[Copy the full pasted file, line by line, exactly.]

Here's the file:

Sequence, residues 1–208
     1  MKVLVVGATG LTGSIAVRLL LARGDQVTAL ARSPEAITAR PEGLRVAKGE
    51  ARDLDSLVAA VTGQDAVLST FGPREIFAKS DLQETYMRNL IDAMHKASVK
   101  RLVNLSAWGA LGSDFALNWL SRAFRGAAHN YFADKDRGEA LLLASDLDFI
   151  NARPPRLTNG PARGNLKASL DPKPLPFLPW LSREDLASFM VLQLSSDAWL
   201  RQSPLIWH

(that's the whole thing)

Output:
Sequence, residues 1–208
     1  MKVLVVGATG LTGSIAVRLL LARGDQVTAL ARSPEAITAR PEGLRVAKGE
    51  ARDLDSLVAA VTGQDAVLST FGPREIFAKS DLQETYMRNL IDAMHKASVK
   101  RLVNLSAWGA LGSDFALNWL SRAFRGAAHN YFADKDRGEA LLLASDLDFI
   151  NARPPRLTNG PARGNLKASL DPKPLPFLPW LSREDLASFM VLQLSSDAWL
   201  RQSPLIWH